A federal judge on Monday struck down
Oregon's ban on gay marriage.
“Because Oregon's marriage laws
discriminate on the basis of sexual orientation without a rational
relationship to any legitimate government interest, the laws violate
the Equal Protection Clause of the Fourteenth Amendment to the United
States Constitution,” U.S. District Judge Michael McShane wrote
in his 26 page brief.
The ruling comes on the heels of
similar decisions in Idaho and Arkansas.
But unlike those states, Oregon's
attorney general sided with plaintiffs and urged McShane to strike
down the ban.
“We simply can't imagine a
rationalization for the ban,” a lawyer for the state told McShane
Weddings are expected to begin as early
as Monday, provided counties wave a 3-day waiting period.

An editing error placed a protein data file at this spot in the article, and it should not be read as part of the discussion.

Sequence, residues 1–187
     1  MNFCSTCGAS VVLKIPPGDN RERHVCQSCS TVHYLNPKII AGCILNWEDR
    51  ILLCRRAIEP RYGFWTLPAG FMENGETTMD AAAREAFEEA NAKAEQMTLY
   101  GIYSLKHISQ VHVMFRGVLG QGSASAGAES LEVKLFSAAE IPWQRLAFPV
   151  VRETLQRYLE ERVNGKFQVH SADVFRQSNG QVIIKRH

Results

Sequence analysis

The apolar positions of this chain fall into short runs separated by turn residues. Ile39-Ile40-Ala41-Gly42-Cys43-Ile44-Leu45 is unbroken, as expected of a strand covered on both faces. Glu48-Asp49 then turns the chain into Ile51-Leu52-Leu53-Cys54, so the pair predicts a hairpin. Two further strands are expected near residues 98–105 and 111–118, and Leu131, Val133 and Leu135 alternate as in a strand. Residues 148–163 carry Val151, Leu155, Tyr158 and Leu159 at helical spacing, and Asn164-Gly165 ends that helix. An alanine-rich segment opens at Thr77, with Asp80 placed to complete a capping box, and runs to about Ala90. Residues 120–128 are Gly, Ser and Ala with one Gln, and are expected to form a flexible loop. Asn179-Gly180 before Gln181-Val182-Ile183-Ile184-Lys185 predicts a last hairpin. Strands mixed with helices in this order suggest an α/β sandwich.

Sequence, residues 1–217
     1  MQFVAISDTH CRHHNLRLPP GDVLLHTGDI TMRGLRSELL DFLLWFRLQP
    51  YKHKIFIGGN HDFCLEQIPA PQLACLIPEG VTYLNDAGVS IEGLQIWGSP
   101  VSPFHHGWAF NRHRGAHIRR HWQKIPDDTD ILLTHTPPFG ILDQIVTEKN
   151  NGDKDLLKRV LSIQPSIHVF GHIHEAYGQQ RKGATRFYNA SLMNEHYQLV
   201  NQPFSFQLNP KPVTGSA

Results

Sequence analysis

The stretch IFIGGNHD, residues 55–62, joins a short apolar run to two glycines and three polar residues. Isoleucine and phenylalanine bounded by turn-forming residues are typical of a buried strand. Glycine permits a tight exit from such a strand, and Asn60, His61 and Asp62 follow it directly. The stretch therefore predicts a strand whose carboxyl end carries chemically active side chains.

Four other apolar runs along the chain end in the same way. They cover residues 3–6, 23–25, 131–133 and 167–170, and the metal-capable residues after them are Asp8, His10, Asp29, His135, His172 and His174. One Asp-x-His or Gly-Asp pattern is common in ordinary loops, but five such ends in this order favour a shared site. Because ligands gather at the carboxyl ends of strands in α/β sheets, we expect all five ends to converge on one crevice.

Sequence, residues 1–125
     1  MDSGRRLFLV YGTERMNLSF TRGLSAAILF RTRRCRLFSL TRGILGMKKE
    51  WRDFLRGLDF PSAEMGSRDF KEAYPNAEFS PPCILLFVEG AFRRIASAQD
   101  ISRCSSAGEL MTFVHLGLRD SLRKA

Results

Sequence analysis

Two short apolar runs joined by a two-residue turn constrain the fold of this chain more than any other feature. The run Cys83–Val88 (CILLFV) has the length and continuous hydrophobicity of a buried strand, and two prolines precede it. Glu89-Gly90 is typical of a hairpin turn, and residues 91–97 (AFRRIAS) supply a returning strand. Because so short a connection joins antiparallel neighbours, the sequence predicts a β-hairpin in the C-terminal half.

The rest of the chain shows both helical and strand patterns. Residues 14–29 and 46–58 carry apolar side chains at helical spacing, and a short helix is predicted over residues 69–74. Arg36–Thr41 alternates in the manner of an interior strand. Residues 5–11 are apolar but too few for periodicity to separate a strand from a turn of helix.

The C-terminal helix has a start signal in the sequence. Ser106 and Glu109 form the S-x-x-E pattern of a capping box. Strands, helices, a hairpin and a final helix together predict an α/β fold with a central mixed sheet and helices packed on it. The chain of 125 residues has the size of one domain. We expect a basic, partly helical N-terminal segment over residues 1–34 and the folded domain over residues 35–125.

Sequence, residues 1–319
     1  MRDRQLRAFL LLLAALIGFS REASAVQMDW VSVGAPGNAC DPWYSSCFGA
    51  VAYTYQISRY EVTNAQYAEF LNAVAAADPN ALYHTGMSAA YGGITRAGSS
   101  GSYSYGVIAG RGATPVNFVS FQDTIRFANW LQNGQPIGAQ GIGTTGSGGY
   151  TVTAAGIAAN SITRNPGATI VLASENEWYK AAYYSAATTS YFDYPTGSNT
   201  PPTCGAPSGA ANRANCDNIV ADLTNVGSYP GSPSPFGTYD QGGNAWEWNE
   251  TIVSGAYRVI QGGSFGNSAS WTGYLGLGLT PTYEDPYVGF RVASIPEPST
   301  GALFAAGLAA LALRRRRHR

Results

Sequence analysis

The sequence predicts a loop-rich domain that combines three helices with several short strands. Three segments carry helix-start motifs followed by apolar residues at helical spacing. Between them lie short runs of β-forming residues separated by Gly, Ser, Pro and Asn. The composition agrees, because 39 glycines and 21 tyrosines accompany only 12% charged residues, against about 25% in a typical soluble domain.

Thalia Zepatos, director of public
engagement at Freedom to Marry and an adviser to Oregon United for
Marriage, cheered the ruling.
“Today Judge McShane did the right
thing for families, affirming that the denial of marriage to
committed same-sex couples in Oregon is unconstitutional,” Zepatos
said in a statement. “In recognition of the strong support for
marriage among Oregonians, no one with legal standing, including our
state Attorney General, wanted to go down in history as defending
discrimination. Across the country, the courts agree: same-sex
couples and their families need the protections of marriage, and
anti-marriage laws are indefensible. With over 70 marriage cases now
making their way through the courts, today's decision in Oregon
underscores that all of America is ready for the freedom to marry.”
The National Organization for Marriage
(NOM) made a last-minute attempt to delay the ruling, filing for an
emergency stay with the Ninth Circuit Court of Appeals in San
Francisco. The court denied NOM's request.
marriage foe NOM denied emergency stay in pending Oregon marriage